These Bulldogs are dog tired

A few reasons teenagers are more tired than ever


Carlos Ortiz

Junior Ryan Howell takes a quick nap before first period begins.

Carlos Ortiz, Staff Writer

Sleep is the body’s natural way of recovering from a long, exhausting day. However, there is an issue when students from all over the campus are acting tired all day. There is a common problem that is apparent: teenagers are lacking precious beauty sleep. There isn’t any one specific reason for this epidemic, but rather a multitude of small reasons that all add up together.

Extracurricular activities can be great by putting you in a social group, challenging yourself, and can look very good to a future college or job employer. Despite all of the positives, there is one major drawback to joining any extracurricular activity: the out-of-school time the activities usually take. What that can lead to is a lack of valuable sleeping time. Homework in general is also a big factor in sleep deprivation; especially Dual Credit and more challenging classes.

“I play tennis and I am a part of National Honor Society, Student Council, Science Club, Health Science Club, Hope Initiative, La Bamba, and Model UN,” senior Janette Chavez said. “I have a part time job. Yes, they take up most of my time.”

Another major non-school related factor is phone usage. According to, American teenagers spend an average of seven hours and twenty two minutes per day on their cell phones (not including the screen time for school/work purposes). All of that blue light that modern screens emanate (especially at night) can make sleeping difficult.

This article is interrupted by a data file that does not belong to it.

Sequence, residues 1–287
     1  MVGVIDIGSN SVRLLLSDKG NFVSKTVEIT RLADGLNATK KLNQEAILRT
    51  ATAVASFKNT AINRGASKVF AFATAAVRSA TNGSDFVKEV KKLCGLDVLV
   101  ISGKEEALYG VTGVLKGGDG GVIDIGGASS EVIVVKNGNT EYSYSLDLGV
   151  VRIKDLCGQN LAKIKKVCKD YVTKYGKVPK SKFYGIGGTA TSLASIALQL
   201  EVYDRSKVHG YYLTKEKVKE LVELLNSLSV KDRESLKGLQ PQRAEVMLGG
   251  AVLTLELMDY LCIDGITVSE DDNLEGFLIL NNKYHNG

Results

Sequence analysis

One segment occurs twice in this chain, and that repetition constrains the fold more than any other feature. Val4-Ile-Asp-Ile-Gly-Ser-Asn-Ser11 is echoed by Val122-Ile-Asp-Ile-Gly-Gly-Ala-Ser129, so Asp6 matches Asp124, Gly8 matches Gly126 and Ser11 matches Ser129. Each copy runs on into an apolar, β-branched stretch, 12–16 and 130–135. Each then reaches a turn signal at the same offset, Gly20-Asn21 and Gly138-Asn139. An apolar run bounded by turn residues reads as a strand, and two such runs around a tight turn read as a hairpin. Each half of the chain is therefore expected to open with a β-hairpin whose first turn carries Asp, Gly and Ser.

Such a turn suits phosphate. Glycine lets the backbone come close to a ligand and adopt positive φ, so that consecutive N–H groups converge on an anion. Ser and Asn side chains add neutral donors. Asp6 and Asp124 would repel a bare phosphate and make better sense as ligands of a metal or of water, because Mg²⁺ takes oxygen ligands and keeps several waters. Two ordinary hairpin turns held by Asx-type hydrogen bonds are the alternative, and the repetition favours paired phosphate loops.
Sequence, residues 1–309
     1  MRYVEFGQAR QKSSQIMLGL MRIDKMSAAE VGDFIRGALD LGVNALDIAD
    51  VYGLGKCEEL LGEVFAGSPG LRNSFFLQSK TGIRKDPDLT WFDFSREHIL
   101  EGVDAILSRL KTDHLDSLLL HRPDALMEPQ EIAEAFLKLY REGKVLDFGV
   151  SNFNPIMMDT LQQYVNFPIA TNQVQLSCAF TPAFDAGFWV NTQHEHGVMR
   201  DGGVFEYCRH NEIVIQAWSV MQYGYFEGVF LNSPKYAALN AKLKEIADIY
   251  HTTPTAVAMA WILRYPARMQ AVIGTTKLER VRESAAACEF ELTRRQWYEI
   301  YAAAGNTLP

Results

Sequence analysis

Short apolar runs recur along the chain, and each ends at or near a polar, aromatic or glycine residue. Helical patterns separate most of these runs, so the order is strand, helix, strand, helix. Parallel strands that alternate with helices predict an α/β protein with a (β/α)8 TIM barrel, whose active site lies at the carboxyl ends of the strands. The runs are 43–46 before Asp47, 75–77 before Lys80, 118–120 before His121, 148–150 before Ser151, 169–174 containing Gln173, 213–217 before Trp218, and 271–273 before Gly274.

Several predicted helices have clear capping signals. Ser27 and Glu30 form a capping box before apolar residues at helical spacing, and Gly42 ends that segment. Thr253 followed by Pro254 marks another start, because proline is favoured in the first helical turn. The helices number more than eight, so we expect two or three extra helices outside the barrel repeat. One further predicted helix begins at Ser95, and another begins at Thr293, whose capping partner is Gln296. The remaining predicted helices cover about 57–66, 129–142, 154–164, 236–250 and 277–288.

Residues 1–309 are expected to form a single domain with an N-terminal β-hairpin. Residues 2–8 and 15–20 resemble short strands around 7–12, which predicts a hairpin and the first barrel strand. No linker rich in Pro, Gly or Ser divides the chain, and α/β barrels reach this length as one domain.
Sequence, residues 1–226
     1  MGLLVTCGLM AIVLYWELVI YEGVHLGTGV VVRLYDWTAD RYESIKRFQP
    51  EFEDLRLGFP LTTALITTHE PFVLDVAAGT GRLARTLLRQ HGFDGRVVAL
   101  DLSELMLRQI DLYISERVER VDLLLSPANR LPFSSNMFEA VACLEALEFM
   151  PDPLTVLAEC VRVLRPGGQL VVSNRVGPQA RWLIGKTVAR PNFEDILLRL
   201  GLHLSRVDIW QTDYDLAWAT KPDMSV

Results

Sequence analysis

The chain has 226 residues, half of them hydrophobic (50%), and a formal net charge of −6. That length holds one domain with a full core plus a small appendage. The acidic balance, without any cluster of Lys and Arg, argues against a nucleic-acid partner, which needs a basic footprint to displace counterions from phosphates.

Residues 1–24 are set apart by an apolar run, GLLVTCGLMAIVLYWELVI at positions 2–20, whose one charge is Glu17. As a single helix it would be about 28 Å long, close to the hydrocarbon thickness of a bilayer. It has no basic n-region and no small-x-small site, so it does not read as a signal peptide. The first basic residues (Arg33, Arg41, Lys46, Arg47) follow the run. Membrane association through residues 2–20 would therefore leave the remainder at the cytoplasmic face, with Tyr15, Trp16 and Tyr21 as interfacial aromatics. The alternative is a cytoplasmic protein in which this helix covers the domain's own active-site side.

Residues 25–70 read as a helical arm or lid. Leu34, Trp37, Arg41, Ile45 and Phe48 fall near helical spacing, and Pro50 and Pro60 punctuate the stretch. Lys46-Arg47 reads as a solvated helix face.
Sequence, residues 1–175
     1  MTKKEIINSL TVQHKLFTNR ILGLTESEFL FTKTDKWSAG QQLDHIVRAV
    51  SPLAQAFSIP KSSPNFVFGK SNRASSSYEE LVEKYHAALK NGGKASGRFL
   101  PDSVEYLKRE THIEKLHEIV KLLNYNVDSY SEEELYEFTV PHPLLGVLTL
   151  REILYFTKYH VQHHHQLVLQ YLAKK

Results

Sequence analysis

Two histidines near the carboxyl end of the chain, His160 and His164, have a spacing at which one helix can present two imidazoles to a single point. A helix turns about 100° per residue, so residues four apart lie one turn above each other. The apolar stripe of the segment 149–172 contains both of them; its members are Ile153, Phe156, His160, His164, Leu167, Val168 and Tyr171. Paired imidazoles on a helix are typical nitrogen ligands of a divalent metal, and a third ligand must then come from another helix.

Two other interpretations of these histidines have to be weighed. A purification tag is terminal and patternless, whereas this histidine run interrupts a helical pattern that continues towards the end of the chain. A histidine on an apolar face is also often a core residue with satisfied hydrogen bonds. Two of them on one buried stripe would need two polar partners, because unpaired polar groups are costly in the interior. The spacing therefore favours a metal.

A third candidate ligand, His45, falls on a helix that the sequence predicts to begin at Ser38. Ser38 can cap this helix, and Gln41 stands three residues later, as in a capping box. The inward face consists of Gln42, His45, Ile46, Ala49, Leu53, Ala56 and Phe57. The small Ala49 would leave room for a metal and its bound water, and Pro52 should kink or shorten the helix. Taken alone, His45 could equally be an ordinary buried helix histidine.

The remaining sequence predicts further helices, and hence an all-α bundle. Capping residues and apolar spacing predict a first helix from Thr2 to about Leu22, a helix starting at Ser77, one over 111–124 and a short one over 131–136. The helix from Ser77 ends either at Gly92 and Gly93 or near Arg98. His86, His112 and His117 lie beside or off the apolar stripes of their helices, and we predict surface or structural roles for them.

“I usually go to sleep at around midnight,” senior Melanie Sosa said. “This is due to finishing homework or my pretty unhealthy relationship with my phone. I spend an average of five hours each day on my phone.”

Despite all of the earlier listed issues, both teens at KHS and teens in general are not truly understanding the importance of sleep.

According to, teenagers should get around 8 to 10 hours of sleep each night, while most get around 6. The main reason that your body sleeps is because it gives the brain a well deserved rest after keeping you alive and well throughout the day. It also refreshes the body so it is more alert and ready for the next day. Not having enough sleep can cause grumpiness and are more vulnerable to heart problems.

“Sleep recharges you essentially,” Sosa said. “How you start your day really correlates with the type of sleep you get.”

If you or someone you know are currently struggling with sleeping, you are not alone. According to, 70% of teenagers don’t get enough sleep.

There are numerous ways to make yourself sleepier at night; the most common method is music/noises. Popular music includes lofi and lullabies; popular noises are heavy rain and ASMR.

A popular short term solution is taking a nap, but it could make someone feel worse or not tired at night. The final resort for most people are melatonin gummies/tablets/pills that release melatonin into the brain, forcing you to be tired [note: using melatonin constantly each night can make your body dependent to the extra melatonin, and require it each night and also constant headaches].

“Having a bad night of sleep has given me less motivation and less energy to do anything relating to a social life,” Chavez said. “When I am able to get an hour of naptime, my energy restores, and I sleep later to get all my work done.”